Including DPDK libs into your C++ project

DPDK is written in C and it is expected to be used in C environments. Yes I know, there are exports ready for C++ usage all over the lib, but if you ever tried to include DPDK code into your C++ application then you’ve already discovered that’s actually quite tricky to build DPDK with C++ toolchains. I mean don’t get me wrong, I’m not saying that’s not possible but only that’s very annoying.

So, what’ I’m going present you here is a solution which do not require too much mixing with the makefiles (or MakeLists) and still allow you to benefit of this powerful packet processing library in you C++ code. I’ll need to make things extremely simple for the sake of this explanation, but don’t worry the simple example can scale quite well to big projects… (Yeah, sure..).

Alright, let’s say we have those functions in our DPDK LIB:

The struct nic_port is just a small structure that supposedly is going to contain all the NIC port informations, again, this is just a banal example please don’t blame me for writing useless code, probably I should have avoided error checking at all in this piece to avoid confusion.. Oh man, confusion is the worst thing ever when writing code.. Whatever… This is the nic_port structure:

Cool. This code can be compiled using DPDK makefiles quite easily, I can add a main entry and test this functionality (by calling init_dpdk_capture, in case you can’t guess it youself :), on my machine the output is:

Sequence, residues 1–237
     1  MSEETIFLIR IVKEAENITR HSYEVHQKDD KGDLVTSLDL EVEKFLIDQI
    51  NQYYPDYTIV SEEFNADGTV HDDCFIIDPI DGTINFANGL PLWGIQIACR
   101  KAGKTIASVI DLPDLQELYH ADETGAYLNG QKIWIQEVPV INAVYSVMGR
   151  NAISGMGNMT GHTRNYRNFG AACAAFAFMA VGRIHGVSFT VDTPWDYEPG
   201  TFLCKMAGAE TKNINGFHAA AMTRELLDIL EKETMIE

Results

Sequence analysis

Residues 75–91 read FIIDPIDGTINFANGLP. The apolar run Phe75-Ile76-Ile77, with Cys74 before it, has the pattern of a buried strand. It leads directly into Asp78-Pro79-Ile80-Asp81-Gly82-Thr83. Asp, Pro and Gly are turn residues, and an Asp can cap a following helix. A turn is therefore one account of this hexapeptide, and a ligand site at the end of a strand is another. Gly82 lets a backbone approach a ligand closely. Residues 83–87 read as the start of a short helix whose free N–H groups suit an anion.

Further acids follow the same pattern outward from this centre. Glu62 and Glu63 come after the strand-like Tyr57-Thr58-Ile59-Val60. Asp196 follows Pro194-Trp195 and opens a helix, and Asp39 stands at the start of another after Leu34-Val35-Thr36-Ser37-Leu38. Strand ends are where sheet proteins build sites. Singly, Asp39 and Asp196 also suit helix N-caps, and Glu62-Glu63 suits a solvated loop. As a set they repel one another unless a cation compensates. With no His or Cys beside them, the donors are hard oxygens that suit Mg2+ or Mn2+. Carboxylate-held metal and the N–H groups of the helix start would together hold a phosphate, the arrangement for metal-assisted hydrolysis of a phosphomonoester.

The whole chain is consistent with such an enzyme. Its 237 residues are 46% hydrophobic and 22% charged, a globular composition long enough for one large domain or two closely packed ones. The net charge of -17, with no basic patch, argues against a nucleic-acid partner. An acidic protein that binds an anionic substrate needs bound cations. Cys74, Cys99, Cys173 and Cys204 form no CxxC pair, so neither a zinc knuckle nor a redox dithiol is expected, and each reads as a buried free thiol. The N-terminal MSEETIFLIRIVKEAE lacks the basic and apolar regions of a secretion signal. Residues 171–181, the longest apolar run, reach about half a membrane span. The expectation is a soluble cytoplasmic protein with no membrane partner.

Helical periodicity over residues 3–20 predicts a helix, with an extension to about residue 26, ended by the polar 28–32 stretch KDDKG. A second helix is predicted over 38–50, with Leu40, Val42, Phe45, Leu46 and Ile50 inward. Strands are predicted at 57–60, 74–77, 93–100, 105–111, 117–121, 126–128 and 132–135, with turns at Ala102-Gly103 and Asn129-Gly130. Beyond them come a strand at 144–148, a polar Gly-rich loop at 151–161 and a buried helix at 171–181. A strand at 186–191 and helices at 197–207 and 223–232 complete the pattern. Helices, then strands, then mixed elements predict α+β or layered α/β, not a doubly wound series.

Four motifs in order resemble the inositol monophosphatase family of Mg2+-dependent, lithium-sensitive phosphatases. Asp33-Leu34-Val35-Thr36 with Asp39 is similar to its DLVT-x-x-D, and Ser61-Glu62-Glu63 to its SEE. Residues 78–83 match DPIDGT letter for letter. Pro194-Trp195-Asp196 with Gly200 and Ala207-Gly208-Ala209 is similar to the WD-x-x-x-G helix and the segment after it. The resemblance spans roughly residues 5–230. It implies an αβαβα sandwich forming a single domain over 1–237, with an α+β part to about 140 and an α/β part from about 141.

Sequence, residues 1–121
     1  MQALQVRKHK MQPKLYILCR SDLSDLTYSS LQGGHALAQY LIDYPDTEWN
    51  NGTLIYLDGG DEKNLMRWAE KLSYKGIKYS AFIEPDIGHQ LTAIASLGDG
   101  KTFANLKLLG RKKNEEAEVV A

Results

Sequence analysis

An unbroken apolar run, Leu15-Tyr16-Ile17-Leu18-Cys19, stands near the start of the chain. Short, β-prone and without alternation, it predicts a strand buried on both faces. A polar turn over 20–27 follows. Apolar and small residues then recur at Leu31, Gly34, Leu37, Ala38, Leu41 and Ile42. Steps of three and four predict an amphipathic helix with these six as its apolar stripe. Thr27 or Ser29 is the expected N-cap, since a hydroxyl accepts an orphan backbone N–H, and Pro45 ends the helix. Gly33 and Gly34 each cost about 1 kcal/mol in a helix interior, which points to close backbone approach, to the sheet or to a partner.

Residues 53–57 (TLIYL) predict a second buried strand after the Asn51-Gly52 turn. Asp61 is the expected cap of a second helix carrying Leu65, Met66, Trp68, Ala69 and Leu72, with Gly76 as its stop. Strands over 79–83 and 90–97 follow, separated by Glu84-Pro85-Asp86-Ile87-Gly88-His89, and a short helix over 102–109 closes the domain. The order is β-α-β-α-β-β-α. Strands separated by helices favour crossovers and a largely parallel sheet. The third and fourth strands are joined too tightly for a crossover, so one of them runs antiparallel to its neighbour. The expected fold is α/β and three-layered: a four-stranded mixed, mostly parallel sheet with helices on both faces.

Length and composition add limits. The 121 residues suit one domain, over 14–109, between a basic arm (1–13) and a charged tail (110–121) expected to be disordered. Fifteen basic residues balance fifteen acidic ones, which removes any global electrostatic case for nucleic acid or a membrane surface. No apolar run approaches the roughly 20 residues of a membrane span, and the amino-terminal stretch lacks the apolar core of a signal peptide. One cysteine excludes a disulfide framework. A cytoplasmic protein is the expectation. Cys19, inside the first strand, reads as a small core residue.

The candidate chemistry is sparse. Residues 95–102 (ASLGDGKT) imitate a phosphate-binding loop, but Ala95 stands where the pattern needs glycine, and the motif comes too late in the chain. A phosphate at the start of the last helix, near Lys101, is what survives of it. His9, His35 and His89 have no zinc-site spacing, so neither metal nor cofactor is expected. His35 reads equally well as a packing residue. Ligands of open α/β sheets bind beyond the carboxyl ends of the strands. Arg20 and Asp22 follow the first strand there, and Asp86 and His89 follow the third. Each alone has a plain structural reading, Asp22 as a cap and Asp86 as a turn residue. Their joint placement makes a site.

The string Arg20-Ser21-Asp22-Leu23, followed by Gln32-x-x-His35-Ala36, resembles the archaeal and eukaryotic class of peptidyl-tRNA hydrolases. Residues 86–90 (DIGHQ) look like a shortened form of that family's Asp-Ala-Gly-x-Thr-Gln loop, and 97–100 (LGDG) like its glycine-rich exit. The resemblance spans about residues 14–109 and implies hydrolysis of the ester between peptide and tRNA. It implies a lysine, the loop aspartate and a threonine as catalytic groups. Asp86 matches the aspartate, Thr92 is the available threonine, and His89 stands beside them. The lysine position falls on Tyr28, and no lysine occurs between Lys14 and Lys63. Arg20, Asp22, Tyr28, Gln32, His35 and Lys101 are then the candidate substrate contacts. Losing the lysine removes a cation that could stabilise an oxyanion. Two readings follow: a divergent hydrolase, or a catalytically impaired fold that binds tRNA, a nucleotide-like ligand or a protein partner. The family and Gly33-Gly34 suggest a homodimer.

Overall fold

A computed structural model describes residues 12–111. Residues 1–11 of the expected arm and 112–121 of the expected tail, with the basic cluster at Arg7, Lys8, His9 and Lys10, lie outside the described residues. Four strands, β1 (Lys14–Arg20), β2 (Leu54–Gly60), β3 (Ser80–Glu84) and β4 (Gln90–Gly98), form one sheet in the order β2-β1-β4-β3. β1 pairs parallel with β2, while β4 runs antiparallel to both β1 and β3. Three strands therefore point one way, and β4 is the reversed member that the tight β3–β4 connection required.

Which is the basic EAL and PMD init output plus a couple of additional prints. To build this code as a lib you should use the makefile /mk/rte.lib.mk from your DPDK installation directory, there’s nothing really fancy here just read THIS and you should good to go. well.. no.. The point of all this post is that the instruction on the DPDK web page are not completely honest on the amount of stuff to do in order to make this thing work, let’s say we have the following C++ application:

And, your bare bone makefile would look probably like this:

To make it work you should use some proper paths, also here I’m assuming that the name of the LIB created using the DPDK toolkit is your_dpdk_lib. Now, this makefile is perfectly fine and can compile our powerful C++ application, sadly the output of it’s execution is a bit disappointing:

Where’s all the EAL and PMD stuff? No NIC was discovered! The problem is banal, but also very painful to debug if you don’t read my blog, as probably you’ll be spending quite some time asking yourself why the included DPDK lib does not initialize properly EAL and PMD.

The issue here is that DPDK use a bunch of constructor functions to initialize all it’s stuff before main is even executed, those constructors are not referenced directly in any of the code above so the linker assume that those are not needed and remove them from the binary. Shit storm, right?

Long story short, you need to include in your hand made makefile the linker flags that will force the inclusion of all the DPDK stuff:

Which will include all of the DPDK stuff into your binary, most probably you might want to fine tune the inclusion to only the piece of the lib that you’re actually using; Also, I’m adding mlx5 and libverbs that are needed to compile all the code above.

With the new makefile, the output of ./test is correct:

I’m removing from the snipped all the prints from EAL and PMD which I have already copy-pasted earlier.

Cool, now you can include the DPDK libs into your C++ application with really no effort, just a simple modification of your Makefile should work.

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